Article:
Dance to honor musician killed by mountain goat

By Diane Urbani de la Paz
Peninsula Daily News

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PORT ANGELES — Somehow, his friends say, the late Bob Boardman played in every band.

He played his guitar in every band, providing old-time music for dances at the Black Diamond Community Hall, plus plenty of other gatherings across the North Olympic Peninsula.

And a few of these groups, including the Black Diamond Fiddle Club of Port Angeles and BOB (Buddies of Bob), will play the Bob Boardman Memorial Dance this Saturday night at the Black Diamond hall, with Laura Mé Smith calling the dances.

This is for everybody, including “6-year-olds, 16-year-olds, 70-year-olds,” said Scott Athair, an avid contra dancer from Port Angeles.

The dance is also in honor of Boardman, who was killed by a mountain goat in Olympic National Park on Oct. 16, 2010.

A guitarist, nurse, diabetes educator and avid hiker, Boardman helped build a lot of community.

He lived in Port Townsend for many years before moving to Port Angeles, where he married Susan Chadd in December 2009.

At their home, they hosted dance callers and musicians who came from around the United States to join the dance at the Black Diamond hall.

Saturday’s memorial dance, the third annual, is “about Bob’s life, and what a legacy he left us,” said Athair.

“Bob could play just about any style,” added Jeanie Murphy of Port Townsend, the banjo player who thought up the BOB band’s name in 2002.

“He had a wonderful driving beat that was perfect for dances but also a lot of subtle in-between notes for a lyrical feel.”

Scott Athair’s wife Elizabeth, an especially joyful contra dancer, also recalls Boardman’s ability to put people at ease.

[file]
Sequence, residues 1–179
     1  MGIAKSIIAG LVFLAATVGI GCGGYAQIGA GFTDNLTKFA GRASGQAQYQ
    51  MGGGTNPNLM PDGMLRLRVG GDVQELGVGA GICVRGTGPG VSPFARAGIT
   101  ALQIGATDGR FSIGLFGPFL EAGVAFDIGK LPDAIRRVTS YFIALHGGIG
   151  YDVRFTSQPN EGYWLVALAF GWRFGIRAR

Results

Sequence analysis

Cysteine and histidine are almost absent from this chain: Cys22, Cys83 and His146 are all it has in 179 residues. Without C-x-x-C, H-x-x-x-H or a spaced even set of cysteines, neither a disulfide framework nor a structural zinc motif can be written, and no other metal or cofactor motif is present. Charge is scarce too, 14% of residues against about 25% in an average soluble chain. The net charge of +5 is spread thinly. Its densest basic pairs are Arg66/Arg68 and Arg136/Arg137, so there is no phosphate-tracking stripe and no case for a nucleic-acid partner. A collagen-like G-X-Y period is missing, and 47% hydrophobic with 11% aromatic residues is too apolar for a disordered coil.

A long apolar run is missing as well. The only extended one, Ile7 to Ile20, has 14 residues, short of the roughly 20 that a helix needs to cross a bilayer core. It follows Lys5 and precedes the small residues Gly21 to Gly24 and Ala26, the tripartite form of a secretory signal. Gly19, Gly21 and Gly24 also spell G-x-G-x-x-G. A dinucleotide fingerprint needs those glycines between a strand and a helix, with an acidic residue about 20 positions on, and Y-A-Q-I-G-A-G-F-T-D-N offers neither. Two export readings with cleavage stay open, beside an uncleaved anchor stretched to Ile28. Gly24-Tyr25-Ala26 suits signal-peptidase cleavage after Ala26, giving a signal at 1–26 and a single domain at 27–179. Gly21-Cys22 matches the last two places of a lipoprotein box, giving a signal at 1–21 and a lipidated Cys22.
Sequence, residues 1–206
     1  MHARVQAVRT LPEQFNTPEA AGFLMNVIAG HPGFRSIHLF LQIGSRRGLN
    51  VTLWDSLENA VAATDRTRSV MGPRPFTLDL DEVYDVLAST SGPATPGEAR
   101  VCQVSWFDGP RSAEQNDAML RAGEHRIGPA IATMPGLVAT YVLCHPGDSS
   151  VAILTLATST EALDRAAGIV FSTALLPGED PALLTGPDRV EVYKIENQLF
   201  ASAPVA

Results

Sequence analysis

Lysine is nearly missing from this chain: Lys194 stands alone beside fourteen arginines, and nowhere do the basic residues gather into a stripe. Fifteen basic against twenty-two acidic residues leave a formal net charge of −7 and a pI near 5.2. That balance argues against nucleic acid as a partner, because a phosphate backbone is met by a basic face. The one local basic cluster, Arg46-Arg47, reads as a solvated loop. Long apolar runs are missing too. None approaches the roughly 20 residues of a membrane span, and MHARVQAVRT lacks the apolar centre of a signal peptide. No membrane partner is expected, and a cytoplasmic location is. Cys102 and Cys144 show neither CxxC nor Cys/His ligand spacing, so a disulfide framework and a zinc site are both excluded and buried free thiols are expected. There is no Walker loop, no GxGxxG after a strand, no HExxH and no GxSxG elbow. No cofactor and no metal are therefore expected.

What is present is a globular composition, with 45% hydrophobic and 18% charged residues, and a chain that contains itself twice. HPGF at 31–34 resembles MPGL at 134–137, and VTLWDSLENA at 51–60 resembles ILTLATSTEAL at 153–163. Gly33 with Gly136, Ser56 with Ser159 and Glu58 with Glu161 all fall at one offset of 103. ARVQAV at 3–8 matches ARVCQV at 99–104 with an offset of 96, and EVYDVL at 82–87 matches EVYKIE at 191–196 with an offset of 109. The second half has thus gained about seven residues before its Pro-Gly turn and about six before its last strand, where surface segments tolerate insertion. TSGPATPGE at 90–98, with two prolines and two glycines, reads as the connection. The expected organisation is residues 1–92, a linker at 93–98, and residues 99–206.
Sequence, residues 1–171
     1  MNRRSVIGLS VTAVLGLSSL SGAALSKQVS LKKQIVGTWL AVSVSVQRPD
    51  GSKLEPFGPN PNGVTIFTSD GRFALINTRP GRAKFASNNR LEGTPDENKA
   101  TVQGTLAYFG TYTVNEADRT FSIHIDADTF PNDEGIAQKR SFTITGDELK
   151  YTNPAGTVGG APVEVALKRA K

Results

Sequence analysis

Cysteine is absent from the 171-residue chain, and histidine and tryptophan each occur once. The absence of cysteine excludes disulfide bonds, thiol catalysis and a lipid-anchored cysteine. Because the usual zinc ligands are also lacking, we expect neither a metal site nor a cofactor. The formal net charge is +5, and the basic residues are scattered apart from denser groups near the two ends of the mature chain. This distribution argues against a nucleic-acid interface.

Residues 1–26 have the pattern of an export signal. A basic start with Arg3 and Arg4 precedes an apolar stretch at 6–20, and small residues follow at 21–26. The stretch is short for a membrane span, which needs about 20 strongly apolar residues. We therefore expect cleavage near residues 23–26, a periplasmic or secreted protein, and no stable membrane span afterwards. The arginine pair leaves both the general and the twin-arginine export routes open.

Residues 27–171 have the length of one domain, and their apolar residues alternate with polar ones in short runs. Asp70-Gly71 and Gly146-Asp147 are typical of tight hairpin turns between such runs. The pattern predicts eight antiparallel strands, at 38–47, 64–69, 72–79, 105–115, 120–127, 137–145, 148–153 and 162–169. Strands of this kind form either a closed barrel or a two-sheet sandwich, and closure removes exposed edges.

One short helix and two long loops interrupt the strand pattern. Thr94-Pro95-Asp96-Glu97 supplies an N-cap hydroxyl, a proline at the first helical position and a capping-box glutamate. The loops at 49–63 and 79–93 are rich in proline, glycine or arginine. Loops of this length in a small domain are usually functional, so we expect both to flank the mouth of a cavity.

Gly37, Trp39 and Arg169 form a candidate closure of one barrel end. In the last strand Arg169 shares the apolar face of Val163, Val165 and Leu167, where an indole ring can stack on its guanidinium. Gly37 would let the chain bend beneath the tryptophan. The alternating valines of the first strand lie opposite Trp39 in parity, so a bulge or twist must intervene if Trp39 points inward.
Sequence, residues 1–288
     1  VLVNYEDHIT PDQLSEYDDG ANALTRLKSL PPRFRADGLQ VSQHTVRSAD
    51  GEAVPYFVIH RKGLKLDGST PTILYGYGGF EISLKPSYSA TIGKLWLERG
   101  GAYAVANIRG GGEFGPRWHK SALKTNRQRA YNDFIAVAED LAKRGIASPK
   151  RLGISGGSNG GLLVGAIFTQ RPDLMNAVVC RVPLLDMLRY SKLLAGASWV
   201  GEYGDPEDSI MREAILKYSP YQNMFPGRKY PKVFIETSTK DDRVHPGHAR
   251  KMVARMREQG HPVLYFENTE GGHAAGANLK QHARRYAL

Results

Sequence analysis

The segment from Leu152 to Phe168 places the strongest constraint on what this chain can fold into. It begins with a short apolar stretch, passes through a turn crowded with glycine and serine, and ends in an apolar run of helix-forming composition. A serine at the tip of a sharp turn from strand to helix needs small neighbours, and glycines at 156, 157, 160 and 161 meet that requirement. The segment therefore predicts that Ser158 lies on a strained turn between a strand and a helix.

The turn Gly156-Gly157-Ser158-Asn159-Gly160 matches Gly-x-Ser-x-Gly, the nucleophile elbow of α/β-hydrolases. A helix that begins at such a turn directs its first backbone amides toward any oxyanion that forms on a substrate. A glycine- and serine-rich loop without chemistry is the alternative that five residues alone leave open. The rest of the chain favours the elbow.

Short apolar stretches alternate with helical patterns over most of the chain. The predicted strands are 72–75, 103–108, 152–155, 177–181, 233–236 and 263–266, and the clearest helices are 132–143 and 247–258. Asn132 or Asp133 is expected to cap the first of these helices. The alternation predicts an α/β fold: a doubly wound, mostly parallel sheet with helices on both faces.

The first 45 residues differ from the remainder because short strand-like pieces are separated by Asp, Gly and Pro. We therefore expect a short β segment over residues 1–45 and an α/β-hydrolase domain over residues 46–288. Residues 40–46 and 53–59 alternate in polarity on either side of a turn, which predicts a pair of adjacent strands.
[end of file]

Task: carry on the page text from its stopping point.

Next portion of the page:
“He just welcomed people, so much,” she said. “But he had a quiet presence,” in the way he treated fellow musicians and dancers.

Boardman cofounded the Black Diamond Fiddle Club and performed alongside many illustrious players.

But he wasn’t the grandstanding type.

Instead he and Chadd would cook pre-dance dinners for visiting musicians, and then Boardman could back them up on rhythm guitar.

“He had a huge influence on bringing bands and callers . . . to come and play for our lovely local dance,” said Erran Sharpe, a member of the Black Diamond Fiddle Club.

Soon after Boardman’s death, his friends and family established the Bob Boardman Fiddle Tunes Scholarship.

This fund will help young guitarists attend the Festival of American Fiddle Tunes workshops in Port Townsend every summer.

Already Nandi Forrest, a 13-year-old from Big Sur, Calif., has been awarded a scholarship.

“I am really into Doc Watson and I have learned ‘Black Mountain Rag,’ ‘Deep River Blues’ and lots more. I am excited about coming to Fiddle Tunes,” Nandi wrote in a thank-you letter.

Fund donations

Saturday’s dance brings an opportunity to donate to the fund: Admission is a suggested $7 for adults and $3 for youth.

As always with the contra dances, the evening will start with a beginners’ workshop at 7:30 p.m.

After that crash course, the bands start at 8 p.m. at the Black Diamond Community Hall, which is about 2 miles south of town at 1942 Black Diamond Road.

Members of the contra-dance community are sending words of encouragement out to newcomers, including those who didn’t know Boardman.

“Come to a dance where we’re all friends, even if we’ve never met before,” Murphy said.

“You will feel the joy.”

These dances at the Black Diamond Community Hall happen one Saturday night a month, thanks to organizers such as Tom Shindler of Port Angeles.

“We’ll fill the hall with caring, exuberant memories,” Shindler said of this Saturday’s gathering.

“Life is short. Don’t miss your chances to celebrate it.”

For more information about the community contra dances and the Bob Boardman Fiddle Tunes Scholarship Fund, email Shindler at or Sharpe at, or phone 360-457-5667.


Features Editor Diane Urbani de la Paz can be reached at 360-452-2345, ext. 5062, or at

Last modified: October 10. 2012 6:07PM
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